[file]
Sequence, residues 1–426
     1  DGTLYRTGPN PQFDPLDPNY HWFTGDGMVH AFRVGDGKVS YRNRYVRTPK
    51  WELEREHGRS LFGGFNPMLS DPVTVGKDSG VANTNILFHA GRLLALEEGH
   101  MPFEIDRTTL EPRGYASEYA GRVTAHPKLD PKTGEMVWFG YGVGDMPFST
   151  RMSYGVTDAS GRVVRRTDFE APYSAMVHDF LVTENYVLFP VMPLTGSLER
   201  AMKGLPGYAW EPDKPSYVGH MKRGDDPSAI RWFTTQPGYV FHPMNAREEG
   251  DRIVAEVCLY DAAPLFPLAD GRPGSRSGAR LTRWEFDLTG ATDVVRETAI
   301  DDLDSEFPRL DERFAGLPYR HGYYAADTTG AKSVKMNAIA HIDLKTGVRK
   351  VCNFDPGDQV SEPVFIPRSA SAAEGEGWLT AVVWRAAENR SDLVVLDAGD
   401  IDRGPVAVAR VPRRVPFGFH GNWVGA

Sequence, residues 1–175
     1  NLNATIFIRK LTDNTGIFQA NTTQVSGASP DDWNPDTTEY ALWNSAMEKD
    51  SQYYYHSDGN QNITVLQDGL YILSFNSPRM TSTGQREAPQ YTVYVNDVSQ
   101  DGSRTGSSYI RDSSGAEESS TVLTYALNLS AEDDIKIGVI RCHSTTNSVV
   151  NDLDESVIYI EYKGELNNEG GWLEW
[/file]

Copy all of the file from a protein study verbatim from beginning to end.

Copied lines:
Sequence, residues 1–426
     1  DGTLYRTGPN PQFDPLDPNY HWFTGDGMVH AFRVGDGKVS YRNRYVRTPK
    51  WELEREHGRS LFGGFNPMLS DPVTVGKDSG VANTNILFHA GRLLALEEGH
   101  MPFEIDRTTL EPRGYASEYA GRVTAHPKLD PKTGEMVWFG YGVGDMPFST
   151  RMSYGVTDAS GRVVRRTDFE APYSAMVHDF LVTENYVLFP VMPLTGSLER
   201  AMKGLPGYAW EPDKPSYVGH MKRGDDPSAI RWFTTQPGYV FHPMNAREEG
   251  DRIVAEVCLY DAAPLFPLAD GRPGSRSGAR LTRWEFDLTG ATDVVRETAI
   301  DDLDSEFPRL DERFAGLPYR HGYYAADTTG AKSVKMNAIA HIDLKTGVRK
   351  VCNFDPGDQV SEPVFIPRSA SAAEGEGWLT AVVWRAAENR SDLVVLDAGD
   401  IDRGPVAVAR VPRRVPFGFH GNWVGA

Sequence, residues 1–175
     1  NLNATIFIRK LTDNTGIFQA NTTQVSGASP DDWNPDTTEY ALWNSAMEKD
    51  SQYYYHSDGN QNITVLQDGL YILSFNSPRM TSTGQREAPQ YTVYVNDVSQ
   101  DGSRTGSSYI RDSSGAEESS TVLTYALNLS AEDDIKIGVI RCHSTTNSVV
   151  NDLDESVIYI EYKGELNNEG GWLEW